COMMENTARY | If Newt Gingrich goes on to lose his fight for the Republican presidential nomination, he may look back at his decision to co-star in a 2006 global warming television ad with Nancy Pelosi as the moment that doomed his campaign.
Gingrich, who served as House Speaker from 1995-1999, fielded yet another question about the ad during a New Years Day campaign event at LJs Neighborhood Bar and Grill in Waterloo, Iowa. His answer was captured on video by C-Span.
"The question I was trying to reach was can conservatives be in the middle of an environmental debate and represent a conservative solution to the environment?" Gingrich responded. "Because I taught Environmental Studies. I think the environment does matter, and I think conservatives ought to be pro-environment in the broad sense that all of us want to have clean air and clean water. And we want to have national parks. And we want to have diversity of species."
"I don't think we should walk off and allow liberals to claim to be the only ones who care about the environment," he continued. "That was the reason I agreed to do the commercial."
"It was stupid because Nancy Pelosi became so radioactive, that the act of being on a couch with her was automatically…," he began to say, before being interrupted by laughter and a shout "Eww!" from the crowd.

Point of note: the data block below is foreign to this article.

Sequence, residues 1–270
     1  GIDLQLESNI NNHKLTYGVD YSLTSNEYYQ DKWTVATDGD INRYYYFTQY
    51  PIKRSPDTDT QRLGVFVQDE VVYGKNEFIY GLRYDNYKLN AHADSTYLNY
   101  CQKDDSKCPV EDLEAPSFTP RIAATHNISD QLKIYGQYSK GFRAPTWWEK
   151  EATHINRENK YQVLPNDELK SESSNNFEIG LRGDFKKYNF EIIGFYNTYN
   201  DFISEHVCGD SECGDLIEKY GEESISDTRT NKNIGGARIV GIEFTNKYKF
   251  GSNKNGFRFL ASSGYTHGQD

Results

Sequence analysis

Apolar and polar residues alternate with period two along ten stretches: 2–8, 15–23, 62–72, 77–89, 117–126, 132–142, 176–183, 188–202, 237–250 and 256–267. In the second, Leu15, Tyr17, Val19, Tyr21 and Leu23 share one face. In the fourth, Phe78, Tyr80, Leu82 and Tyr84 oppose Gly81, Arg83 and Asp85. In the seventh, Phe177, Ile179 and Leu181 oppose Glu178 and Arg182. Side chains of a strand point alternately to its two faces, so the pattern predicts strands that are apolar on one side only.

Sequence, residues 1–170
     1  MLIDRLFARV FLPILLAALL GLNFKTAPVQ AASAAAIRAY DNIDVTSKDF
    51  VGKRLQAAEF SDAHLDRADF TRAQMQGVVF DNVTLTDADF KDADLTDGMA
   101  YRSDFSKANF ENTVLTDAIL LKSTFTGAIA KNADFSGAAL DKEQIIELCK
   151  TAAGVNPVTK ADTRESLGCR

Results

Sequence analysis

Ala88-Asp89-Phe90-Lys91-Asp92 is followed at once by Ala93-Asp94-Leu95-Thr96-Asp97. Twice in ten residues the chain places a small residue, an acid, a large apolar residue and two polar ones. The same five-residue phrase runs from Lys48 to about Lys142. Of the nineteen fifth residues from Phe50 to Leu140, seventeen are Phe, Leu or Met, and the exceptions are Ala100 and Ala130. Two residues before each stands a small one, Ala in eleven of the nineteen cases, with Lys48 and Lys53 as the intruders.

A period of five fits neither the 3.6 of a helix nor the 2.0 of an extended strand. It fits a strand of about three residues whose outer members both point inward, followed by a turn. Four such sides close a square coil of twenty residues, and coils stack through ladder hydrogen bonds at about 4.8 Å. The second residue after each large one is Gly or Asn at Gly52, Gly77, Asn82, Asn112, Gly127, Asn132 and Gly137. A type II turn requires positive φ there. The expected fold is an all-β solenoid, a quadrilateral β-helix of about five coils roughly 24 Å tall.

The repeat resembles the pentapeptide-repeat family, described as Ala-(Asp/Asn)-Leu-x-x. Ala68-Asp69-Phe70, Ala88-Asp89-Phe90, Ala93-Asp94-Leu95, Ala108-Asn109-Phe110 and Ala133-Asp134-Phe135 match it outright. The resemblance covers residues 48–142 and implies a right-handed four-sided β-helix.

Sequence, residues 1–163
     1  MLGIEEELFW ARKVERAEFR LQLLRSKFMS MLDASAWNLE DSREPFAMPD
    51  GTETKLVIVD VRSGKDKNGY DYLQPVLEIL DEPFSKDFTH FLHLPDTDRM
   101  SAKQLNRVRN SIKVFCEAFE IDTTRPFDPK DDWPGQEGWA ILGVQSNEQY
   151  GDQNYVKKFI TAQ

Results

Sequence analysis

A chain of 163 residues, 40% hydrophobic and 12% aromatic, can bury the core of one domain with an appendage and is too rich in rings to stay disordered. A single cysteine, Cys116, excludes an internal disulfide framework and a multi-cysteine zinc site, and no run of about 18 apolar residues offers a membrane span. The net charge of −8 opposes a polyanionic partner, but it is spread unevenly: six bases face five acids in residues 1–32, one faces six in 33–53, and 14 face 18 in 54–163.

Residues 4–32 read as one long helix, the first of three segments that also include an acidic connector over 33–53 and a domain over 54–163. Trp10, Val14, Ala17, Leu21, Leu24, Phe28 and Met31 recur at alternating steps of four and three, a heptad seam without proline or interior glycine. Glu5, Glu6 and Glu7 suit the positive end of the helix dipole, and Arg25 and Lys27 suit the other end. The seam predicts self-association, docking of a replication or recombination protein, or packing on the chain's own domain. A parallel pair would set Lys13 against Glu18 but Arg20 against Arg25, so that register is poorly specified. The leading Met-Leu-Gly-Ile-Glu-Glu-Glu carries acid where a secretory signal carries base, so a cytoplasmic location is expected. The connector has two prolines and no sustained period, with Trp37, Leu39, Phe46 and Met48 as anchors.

"That's right. I rest my case," Gingrich agreed. "I have been very energetic and every once in a while I do something dumb, and I will concede that was dumb."
Unfortunately, Republican voters' natural response to watching the image of Gingrich seated next to Nancy Pelosi pop up over and over again on Fox News and YouTube could easily be mistaken as demand for a presidential candidate who does not believe in climate change.
In a Public Policy polling survey conducted in September, only 9 percent of voters said that they would more likely to support a candidate who does not believe in human-caused climate change. Even among Republicans, the number was only 16 percent.
What GOP voters are may be most turned off by is Gingrich's sudden change of direction on the issue.
"… we do agree our country must take action to address climate change," he said in the now famous 2006 commercial, which he and Pelosi recorded on behalf of Al Gore's Alliance for Climate Protection.
"Well, I don't think it should be a priority at all right now, except for research," he said of global warming on the Mark Levin Show in November.
If conservative voters who share Newt's concern for the environment can get over this obvious flip-flop, they might just notice he is among the few GOP presidential candidates talking seriously about bipartisan green energy solutions on the campaign trail. During a December interview with Glenn Beck, Gingrich mentioned carbon sequestration, nuclear power and "green coal" as "prudent" ways to reduce carbon emissions - all approaches supported by Republicans in the past. And at that same bar in Iowa on Sunday, Gingrich reminded his audience, "Remember, Iowa today ranks second only to Denmark in wind power."
As Iowa demonstrates, the clean energy revolution is here, and it's nothing for the GOP to fear.